Tag Archives: Carpenter Bee

Day 3: Bee sighting!

We had the most bee sightings yet today. Sweat bees, Carpenter bees, Honey bees, and Stingless bees. Carpenter bee was spotted during noon near muddy water on the Maya Trail. Its behavior was interesting in that it did not seem to be pollinating bees but was sensing around the dirt where it was moist but not covered in water. Its large size and distinct, loud buzzing sound cannot be mistaken.

Large (3/4″) Carpenter Bee chewing wood off of fallen tree limb

Unfortunately, this species of Carpenter bee was not included in my taxon id card, which only had one Carpenter bee species. Pictures will have to suffice for now. The Honey bee and Stingless bees were the only ones observed pollinating and feeding from flowers. During an off-trail hike, there was a 6 feet tall flowering tree that was surrounded by Honey and Stingless bees.

Although others were super afraid, turning around asking me to check if a bee was on them, I could only zoom in with my body and camera to get the best possible picture of the Honey bee. However, the most involved encounters we had today with bees were with the Sweat bees who liked to land on human body for salt consumption. While entering an off-trail path, could hear students and a professor scream out that they had bees on them.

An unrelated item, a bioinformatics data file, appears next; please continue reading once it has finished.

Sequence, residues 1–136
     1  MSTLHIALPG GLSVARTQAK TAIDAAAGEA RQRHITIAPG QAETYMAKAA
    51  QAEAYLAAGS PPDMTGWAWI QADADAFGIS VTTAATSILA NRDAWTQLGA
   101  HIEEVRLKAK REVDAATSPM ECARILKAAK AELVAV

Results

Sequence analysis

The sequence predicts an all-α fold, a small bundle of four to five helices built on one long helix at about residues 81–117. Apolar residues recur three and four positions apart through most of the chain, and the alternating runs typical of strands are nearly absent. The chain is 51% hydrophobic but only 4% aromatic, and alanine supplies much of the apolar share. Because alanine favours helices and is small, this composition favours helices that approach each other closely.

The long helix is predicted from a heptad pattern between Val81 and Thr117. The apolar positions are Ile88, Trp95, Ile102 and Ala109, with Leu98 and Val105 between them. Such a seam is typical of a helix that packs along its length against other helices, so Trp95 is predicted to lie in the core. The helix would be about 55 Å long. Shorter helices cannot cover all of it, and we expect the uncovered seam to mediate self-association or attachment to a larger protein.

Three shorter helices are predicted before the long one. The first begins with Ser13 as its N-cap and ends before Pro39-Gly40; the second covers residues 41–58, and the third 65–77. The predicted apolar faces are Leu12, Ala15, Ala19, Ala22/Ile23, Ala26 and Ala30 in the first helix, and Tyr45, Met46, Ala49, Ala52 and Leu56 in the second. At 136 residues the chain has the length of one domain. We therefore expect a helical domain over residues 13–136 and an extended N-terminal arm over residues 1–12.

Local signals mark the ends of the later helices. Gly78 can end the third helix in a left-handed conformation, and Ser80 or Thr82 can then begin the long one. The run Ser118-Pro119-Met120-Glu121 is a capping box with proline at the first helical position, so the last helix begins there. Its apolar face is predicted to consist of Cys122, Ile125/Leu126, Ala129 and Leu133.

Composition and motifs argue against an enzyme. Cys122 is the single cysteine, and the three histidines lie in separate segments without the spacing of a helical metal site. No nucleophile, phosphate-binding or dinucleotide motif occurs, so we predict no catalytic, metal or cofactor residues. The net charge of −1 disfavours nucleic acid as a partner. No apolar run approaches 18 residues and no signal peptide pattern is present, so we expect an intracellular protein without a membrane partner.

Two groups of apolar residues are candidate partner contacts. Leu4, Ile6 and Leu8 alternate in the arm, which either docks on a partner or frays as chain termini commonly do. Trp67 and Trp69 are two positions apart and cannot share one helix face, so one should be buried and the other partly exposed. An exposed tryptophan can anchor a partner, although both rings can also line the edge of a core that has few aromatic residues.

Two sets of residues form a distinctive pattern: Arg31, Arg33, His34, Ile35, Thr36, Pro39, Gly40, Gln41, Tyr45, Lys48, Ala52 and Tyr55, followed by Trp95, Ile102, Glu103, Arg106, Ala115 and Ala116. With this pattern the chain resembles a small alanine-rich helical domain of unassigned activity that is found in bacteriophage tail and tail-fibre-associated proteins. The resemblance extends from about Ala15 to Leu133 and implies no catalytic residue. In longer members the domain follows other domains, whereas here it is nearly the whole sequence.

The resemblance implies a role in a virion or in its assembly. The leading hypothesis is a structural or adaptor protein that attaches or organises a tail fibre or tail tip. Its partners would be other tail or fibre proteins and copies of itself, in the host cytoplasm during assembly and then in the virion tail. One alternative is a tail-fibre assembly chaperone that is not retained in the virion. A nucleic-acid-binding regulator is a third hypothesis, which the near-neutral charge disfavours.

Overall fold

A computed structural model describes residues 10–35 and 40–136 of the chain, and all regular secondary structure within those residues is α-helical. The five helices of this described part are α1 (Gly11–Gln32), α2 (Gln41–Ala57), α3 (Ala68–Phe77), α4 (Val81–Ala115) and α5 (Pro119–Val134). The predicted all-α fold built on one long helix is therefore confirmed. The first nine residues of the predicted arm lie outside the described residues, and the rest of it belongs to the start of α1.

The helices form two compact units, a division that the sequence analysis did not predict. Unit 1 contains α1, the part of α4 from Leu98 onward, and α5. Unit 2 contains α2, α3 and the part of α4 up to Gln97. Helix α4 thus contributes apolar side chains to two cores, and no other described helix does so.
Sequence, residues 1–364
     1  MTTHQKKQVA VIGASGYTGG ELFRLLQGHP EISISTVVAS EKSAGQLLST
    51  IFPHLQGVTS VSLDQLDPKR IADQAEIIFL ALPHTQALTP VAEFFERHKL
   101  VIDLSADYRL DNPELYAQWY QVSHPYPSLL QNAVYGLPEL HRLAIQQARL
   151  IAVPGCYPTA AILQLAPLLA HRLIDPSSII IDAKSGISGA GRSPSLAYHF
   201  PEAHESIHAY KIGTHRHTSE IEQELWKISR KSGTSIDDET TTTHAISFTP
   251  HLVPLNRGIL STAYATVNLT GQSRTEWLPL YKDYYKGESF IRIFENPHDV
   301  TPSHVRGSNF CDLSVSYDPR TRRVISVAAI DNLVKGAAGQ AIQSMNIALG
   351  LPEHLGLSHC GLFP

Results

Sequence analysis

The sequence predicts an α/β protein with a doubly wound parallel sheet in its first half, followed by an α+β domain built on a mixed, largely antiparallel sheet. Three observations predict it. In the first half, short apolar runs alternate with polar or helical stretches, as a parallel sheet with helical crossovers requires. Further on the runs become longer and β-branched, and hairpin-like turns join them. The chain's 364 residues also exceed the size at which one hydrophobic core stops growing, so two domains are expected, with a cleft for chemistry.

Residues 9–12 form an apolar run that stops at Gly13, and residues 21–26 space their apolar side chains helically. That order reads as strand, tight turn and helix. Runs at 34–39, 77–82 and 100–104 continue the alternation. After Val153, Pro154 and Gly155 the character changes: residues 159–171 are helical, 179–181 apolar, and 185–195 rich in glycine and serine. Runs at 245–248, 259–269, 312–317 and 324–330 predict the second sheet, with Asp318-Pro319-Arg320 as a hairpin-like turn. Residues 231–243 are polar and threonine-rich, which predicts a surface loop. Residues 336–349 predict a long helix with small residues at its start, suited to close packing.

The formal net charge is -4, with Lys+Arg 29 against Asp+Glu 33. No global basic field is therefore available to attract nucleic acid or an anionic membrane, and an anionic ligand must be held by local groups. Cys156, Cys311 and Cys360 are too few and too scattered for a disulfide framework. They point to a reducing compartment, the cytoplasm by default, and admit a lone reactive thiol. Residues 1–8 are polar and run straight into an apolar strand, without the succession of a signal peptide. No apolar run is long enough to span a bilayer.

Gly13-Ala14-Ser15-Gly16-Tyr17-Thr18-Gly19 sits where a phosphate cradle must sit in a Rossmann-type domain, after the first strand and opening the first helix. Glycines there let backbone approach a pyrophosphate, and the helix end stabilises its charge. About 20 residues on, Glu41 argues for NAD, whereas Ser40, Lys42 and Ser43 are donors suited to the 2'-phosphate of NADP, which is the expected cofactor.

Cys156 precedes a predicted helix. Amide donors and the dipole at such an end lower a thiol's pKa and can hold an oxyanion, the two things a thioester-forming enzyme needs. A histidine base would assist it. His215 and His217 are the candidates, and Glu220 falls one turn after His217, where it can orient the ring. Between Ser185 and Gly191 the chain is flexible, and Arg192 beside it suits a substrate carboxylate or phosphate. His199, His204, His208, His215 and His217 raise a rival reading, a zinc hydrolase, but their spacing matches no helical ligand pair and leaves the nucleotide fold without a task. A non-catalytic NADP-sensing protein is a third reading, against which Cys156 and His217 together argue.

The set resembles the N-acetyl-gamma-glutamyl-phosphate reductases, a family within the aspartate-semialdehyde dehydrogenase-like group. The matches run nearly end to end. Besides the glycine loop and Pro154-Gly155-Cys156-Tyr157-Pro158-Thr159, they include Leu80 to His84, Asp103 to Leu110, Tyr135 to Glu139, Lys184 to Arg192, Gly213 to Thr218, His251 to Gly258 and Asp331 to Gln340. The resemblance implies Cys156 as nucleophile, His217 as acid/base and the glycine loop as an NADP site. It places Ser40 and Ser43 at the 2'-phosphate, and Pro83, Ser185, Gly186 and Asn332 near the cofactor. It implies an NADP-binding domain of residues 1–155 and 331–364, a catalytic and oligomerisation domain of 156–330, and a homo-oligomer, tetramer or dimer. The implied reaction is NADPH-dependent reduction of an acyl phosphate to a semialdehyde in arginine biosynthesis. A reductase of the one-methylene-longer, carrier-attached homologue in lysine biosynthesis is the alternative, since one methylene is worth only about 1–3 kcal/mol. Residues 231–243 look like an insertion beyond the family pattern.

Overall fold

Sweat bee found near trail

As a bee specialist of the group, I really had no fears. Because I had known that around the region were these small (2-3 inches) ant-hill-looking structures on the ground were evidence of bee burrowing, I knew that they were surrounded by Sweat bees and not killer bees (the Africanized Wester Honey bee being the killer bee of this region). If they were indeed killer bees that landed on my fellow tropical field biologists, it was likely that they would have stung them and I would have heard painful screams – we are not a quiet crowd, as the later boa constrictor incident shows.

These are not very social bees, although they live in small communities that are mostly made up of a single family. Most mounds house fewer than 10 bees, compared to the tens of thousands of bees some beehives contain.

 

Other cool animal encounters had to do with a boa constrictor, a super large (15ft+) leaf-cutter ant hill, and unidentified nymphs that Claire decided to bring back to the station to ask others, including the locals here, and no one could tell us what it was.